Governor Cuomo says he's heard enough discussion and now wants action from Washington when it comes to Sandy relief. Thursday, Cuomo heard recommendations from his emergency preparedness and response commissions. Zack Fink was there and has more.
ALBANY, N.Y. -- Although Republican House leaders have now promised to hold a vote on $60 billion in Sandy relief, Governor Andrew Cuomo indicated he is still not ready to take them at their word. Reaching back in time, the governor referenced the 1996 film "Jerry Maguire" to make his point.
Cuomo said, "I am at the point where it is simple for me: Show me the money. Because I have heard a lot of things and until I see the cash, I am going to withhold judgment because many of the things that have been said never happened."
After Hurricane Sandy tore through New York City in October, Governor Cuomo created four commissions to study how the state can better prepare for a disaster. Cuomo heard the findings of two of them: The New York State Ready Commission and the New York State Respond Commission.
"Superstorm Sandy created one of the greatest operational challenges that this state has ever seen," said New York State Homeland Security chief Jerome Hauer.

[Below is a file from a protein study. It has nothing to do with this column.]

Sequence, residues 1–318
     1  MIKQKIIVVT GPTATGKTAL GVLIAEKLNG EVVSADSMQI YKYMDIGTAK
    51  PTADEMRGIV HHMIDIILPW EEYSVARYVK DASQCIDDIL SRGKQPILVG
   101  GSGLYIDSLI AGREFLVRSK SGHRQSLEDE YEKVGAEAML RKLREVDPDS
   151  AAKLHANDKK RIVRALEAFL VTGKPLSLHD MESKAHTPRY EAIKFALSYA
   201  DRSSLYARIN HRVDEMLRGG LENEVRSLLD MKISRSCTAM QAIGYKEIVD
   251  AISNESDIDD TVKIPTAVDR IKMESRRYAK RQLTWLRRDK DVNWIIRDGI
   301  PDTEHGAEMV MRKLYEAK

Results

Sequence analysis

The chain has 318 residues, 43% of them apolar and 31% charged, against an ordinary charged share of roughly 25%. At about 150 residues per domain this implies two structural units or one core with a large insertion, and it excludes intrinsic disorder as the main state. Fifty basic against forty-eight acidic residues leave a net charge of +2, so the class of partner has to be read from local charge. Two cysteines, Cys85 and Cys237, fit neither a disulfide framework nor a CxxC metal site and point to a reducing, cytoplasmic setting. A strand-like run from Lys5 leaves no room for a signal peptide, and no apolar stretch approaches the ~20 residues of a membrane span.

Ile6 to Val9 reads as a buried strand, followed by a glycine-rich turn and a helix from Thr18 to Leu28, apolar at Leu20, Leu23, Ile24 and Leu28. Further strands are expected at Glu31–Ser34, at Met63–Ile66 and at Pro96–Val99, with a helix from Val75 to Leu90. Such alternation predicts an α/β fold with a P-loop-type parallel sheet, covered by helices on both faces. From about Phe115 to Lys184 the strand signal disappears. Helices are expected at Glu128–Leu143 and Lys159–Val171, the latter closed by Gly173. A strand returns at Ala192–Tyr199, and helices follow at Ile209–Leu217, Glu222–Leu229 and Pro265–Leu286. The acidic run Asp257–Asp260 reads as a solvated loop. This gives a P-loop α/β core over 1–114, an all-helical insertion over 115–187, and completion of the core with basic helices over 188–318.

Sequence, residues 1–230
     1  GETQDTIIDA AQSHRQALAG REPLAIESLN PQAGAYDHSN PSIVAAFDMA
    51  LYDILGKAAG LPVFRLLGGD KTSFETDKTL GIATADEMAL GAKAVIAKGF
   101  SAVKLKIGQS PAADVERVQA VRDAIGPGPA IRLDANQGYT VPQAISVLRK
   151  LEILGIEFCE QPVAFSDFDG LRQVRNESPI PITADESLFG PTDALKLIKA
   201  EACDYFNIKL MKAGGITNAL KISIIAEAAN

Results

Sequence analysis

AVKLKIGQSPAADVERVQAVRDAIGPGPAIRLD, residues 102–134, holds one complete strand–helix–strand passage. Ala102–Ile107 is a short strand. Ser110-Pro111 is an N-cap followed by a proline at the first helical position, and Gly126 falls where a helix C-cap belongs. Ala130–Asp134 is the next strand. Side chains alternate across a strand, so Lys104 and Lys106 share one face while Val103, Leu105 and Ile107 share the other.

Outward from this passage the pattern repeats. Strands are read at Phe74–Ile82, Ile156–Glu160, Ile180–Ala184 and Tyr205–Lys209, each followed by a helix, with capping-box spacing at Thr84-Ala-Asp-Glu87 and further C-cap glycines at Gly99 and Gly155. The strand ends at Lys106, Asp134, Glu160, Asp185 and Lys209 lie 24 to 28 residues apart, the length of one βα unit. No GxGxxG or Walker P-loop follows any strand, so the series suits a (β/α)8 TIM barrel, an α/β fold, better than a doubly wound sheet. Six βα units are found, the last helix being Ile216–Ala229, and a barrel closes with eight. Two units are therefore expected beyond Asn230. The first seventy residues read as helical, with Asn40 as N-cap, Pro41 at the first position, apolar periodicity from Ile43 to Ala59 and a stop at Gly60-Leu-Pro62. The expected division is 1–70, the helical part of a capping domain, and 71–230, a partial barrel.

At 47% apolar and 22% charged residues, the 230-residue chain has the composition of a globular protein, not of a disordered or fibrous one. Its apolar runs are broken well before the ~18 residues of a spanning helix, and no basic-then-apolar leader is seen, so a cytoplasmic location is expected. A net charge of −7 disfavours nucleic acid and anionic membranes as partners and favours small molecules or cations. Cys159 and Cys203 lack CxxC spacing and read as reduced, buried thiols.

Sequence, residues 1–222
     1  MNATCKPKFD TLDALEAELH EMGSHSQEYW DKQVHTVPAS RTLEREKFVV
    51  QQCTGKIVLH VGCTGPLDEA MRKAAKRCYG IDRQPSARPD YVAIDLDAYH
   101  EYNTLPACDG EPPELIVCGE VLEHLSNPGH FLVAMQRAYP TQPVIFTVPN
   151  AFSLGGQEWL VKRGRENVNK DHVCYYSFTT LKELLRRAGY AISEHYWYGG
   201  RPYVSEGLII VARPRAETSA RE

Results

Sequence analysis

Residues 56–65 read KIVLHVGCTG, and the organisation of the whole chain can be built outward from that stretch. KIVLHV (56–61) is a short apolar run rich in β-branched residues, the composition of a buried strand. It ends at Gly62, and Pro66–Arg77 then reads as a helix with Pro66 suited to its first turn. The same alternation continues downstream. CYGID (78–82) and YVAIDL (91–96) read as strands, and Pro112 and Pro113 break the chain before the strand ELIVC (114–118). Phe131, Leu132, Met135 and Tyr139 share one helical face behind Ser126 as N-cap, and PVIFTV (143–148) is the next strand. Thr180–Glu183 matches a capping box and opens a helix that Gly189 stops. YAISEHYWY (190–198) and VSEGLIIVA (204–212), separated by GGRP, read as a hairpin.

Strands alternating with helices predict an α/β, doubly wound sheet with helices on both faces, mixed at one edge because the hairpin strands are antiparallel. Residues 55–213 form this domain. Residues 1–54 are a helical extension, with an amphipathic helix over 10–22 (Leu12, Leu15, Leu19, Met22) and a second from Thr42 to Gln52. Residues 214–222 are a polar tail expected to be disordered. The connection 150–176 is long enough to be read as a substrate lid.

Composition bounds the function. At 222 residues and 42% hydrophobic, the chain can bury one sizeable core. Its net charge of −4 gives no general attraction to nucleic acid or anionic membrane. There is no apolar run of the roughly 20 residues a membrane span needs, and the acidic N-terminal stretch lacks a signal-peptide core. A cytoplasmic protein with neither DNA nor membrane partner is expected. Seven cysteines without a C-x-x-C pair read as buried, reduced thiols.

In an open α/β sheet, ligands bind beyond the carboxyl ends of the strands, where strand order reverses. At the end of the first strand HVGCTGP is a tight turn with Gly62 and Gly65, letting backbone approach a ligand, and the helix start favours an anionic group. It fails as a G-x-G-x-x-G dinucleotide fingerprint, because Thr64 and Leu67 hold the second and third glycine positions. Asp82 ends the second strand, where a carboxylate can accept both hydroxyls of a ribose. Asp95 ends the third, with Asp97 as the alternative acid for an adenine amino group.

Among the recommendations are that the state establish an emergency stockpile of supplies, create a text message alert system that provides localized information, update the building code, so new buildings are able to withstand major weather events and create a strategic fuel reserve.
Fuel shortages dragged on for two weeks due to disruptions in the supply chain. Cuomo wants the governor's office to control gas rationing. New Jersey established a statewide rationing system.
"New York City puts in a gas rationing plan on its own it creates mayhem in the neighboring counties. You can't get gas in New York City, you deluge Queens and you deluge Westchester," Cuomo said.
The governor wants to build on some of these recommendations in his State of the State Address next week. He will also incorporate the findings of a special commission he created, which is looking specifically at how the utilities performed and prepared.